proposal: standardize interface to Haskell' implementations

Claus Reinke claus.reinke at
Mon Feb 20 12:55:17 EST 2006

>| (*) a standard haskell' api providing the commands of ghci/hugs
>|     style interactive systems would be a start, together with an
>|     annotated AST, parser/typer/pretty printer. more detailed
>|     specifications could be left for future revisions.
>A reasonable suggestion, but I'm unsure what you actually have in mind.

what I have in mind are things to come, which would be quite
different from the initial steps we could reasonably expect Haskell'
to take. initially, a separate libary may be an acceptable start; but
ultimately, I don't want two separate Haskell implementations 
shipped for each installation.

for the moment, I'd like the Haskell' committe to say this is useful,
and commit to making a start, then see how far we can get.

at the very least, Language.Haskell needs to be expanded on, 
to cope with modules, to provide type information, and to cope
with language extensions [also, one might want to check whether 
SYB-style traversals, which are so useful for annotated ASTs,
are permitted within the limitation of Haskell']. but even there, 
adding and maintaining a type/module system implementation 
would be more work than exposing the existing one, and the 
same goes if we want loading/evaluation as well.

the difference between such an extended Language.Haskell and
the standardized interface I suggested is that the former is one
naive implementation of the latter. the difference between an 
extended Language.Haskell and the implementation by reflection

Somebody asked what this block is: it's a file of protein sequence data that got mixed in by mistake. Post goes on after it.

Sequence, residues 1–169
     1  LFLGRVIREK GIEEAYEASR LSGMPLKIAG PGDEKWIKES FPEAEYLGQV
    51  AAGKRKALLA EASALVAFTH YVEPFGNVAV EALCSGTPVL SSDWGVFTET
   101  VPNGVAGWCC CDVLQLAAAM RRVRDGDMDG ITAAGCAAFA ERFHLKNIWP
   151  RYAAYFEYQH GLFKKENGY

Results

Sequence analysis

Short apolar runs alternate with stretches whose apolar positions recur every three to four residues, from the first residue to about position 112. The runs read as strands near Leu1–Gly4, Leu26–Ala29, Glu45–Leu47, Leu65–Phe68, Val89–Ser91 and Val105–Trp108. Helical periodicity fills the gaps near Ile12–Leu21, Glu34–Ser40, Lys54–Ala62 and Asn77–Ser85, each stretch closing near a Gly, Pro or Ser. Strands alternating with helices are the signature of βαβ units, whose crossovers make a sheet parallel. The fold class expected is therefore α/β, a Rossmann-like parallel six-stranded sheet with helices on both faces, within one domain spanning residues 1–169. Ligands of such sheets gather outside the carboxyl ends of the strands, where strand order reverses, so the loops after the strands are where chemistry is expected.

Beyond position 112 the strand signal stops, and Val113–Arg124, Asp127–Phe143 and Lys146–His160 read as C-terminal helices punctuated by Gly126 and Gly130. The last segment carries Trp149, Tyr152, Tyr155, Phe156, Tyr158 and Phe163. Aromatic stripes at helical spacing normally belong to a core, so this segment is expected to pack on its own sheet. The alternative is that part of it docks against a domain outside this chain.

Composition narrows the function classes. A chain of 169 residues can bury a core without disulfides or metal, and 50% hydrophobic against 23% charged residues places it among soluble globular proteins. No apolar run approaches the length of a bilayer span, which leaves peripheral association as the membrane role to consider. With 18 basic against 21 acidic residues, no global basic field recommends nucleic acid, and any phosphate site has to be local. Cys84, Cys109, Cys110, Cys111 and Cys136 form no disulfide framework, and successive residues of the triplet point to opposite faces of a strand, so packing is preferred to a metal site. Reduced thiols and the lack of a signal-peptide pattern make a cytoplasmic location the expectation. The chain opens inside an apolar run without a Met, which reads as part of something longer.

I had in mind is that the latter reuses the underlying Haskell
implementation to provide the same interface more efficiently
(even if that might involve translating between internal types 
and those in Language.Haskell+).

It is meta-programming because it allows Haskell programs to
operate on representations of Haskell programs. It may use
reflection to do so, if it permits Haskell programs access to
their own representations and to parts of the implementation 
they are running on. 

I don't say to do it all perfectly for Haskell', but just to make 
a start that goes beyond current Language.Haskell. For that
start, it may still be sufficient to leave most things in an library 
(**), and it doesn't have to support everything GHC's API 
does (though it does have to define implementation-independent

But ultimately, there will be ramifications for future language 
definitions (how to pass from programs to representations
and back? how to type these things? how to extend programs
at runtime? ... all the issues common to Template Haskell, 
hs-plugins, and type Dynamic [as done in Clean, not the 
poor man's version of Haskell]). Simon M adds extensible
data types to the list. I'm sure there's more, once we start

I find it interesting to note the the folks who claim this is
a libary-only problem are willing to put up with lots of
non-Haskell' hacks, not to mention partially functioning
work-arounds for features that belong in the language
definition (a proper type Dynamic, for instance, with
support for polymorphism, and with a way to address
the issue of representations of types originating from 
separate programs).

I'd prefer to flush out these secret hacks hidden in so-called
libraries, and to call a language feature a language feature.


"Ideals are like stars. You may never be able to reach them, 
 but you can navigate by them."

(**) one of the attractive things about early Haskell reports
    was the combination of language definitions and libraries.

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